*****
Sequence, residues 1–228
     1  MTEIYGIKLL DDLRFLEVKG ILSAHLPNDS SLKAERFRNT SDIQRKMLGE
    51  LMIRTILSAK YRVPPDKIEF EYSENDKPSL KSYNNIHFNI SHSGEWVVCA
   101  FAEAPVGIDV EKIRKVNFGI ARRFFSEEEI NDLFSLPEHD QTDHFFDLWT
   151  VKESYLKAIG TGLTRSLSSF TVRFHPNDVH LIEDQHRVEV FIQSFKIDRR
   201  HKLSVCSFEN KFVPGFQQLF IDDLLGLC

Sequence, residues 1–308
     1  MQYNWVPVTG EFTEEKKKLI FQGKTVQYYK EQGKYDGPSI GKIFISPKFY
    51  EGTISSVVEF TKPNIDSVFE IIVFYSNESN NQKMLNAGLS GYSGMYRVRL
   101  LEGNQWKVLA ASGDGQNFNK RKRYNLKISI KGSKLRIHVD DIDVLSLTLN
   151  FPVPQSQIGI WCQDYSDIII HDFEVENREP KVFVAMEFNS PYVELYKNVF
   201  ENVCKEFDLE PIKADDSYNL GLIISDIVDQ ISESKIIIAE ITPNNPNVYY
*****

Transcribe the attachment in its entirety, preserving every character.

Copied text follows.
Sequence, residues 1–228
     1  MTEIYGIKLL DDLRFLEVKG ILSAHLPNDS SLKAERFRNT SDIQRKMLGE
    51  LMIRTILSAK YRVPPDKIEF EYSENDKPSL KSYNNIHFNI SHSGEWVVCA
   101  FAEAPVGIDV EKIRKVNFGI ARRFFSEEEI NDLFSLPEHD QTDHFFDLWT
   151  VKESYLKAIG TGLTRSLSSF TVRFHPNDVH LIEDQHRVEV FIQSFKIDRR
   201  HKLSVCSFEN KFVPGFQQLF IDDLLGLC

Sequence, residues 1–308
     1  MQYNWVPVTG EFTEEKKKLI FQGKTVQYYK EQGKYDGPSI GKIFISPKFY
    51  EGTISSVVEF TKPNIDSVFE IIVFYSNESN NQKMLNAGLS GYSGMYRVRL
   101  LEGNQWKVLA ASGDGQNFNK RKRYNLKISI KGSKLRIHVD DIDVLSLTLN
   151  FPVPQSQIGI WCQDYSDIII HDFEVENREP KVFVAMEFNS PYVELYKNVF
   201  ENVCKEFDLE PIKADDSYNL GLIISDIVDQ ISESKIIIAE ITPNNPNVYY